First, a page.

The Road Surface Treatments Association (RSTA) has welcomed the possibility of greater long-term certainty of road maintenance funding, but has issued a note of caution.
It says the new look public company Highways Agency proposed by the Government may be a further example of ‘all talk no action’ that acts as a distraction from the fundamental problem of a £8 billion shortfall in road maintenance funding.
In its command paper, ‘Action for Roads – a network for the 21st century’, the Government promises to resurface 80% of the strategic road network over the next seven years. Also proposed is setting up the Highways Agency as a publicly owned company to further remove it from the democratic process so freeing it from Whitehall red tape and removing the potential for future governments to cut the roads budget.
Crucially, the Government proposes that the new Highways Agency would be given a long-term, ring-fenced, funding settlement to progress the £28 billion spending plans for road construction and maintenance as outlined in June’s spending review.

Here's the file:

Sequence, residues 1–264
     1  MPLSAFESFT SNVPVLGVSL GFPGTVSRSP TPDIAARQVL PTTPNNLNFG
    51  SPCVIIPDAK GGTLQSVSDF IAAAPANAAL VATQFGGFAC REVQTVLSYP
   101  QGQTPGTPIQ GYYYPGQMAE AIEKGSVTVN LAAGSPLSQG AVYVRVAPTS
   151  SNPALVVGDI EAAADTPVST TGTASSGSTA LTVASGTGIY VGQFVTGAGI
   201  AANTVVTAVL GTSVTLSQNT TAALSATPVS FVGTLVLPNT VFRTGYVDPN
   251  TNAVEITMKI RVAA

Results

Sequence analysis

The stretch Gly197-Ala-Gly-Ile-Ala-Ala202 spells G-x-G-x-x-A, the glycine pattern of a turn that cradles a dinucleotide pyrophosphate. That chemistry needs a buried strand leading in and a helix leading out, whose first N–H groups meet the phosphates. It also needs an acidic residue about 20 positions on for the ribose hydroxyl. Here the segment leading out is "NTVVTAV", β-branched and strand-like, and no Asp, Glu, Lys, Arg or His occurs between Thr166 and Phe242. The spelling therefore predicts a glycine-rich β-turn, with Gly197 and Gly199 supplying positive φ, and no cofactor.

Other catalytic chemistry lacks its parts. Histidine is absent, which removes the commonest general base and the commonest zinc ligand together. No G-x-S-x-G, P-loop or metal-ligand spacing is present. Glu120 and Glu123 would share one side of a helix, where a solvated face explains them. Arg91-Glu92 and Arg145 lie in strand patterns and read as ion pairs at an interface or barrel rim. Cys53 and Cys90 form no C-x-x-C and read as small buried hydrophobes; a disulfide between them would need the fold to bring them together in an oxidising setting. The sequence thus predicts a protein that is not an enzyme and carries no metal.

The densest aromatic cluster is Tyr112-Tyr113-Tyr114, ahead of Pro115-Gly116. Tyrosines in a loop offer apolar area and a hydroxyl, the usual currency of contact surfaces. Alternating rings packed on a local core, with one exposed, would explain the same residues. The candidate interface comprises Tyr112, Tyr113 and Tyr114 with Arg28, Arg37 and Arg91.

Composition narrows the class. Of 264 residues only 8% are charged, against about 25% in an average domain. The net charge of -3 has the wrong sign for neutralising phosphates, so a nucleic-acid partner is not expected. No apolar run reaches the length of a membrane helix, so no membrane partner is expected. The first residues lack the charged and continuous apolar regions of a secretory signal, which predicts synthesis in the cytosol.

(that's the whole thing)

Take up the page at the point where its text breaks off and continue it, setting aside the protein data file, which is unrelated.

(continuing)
“The provision of long-term funding certainty for a more independent Highways Agency is to be welcomed. This would lessen the short-term thinking that is such an obstacle to the provision of a well-maintained road network,” said Howard Robinson (pictured), RSTA chief executive. “However, many of the projects included in the paper have either been announced previously or will not start until 2015-16 at the earliest.
“It is important that the attractive headlines of the command paper do not detract from the fundamental issue of chronic historic under spending and lack of investment in our road network. Unfortunately this issue has not been addressed.”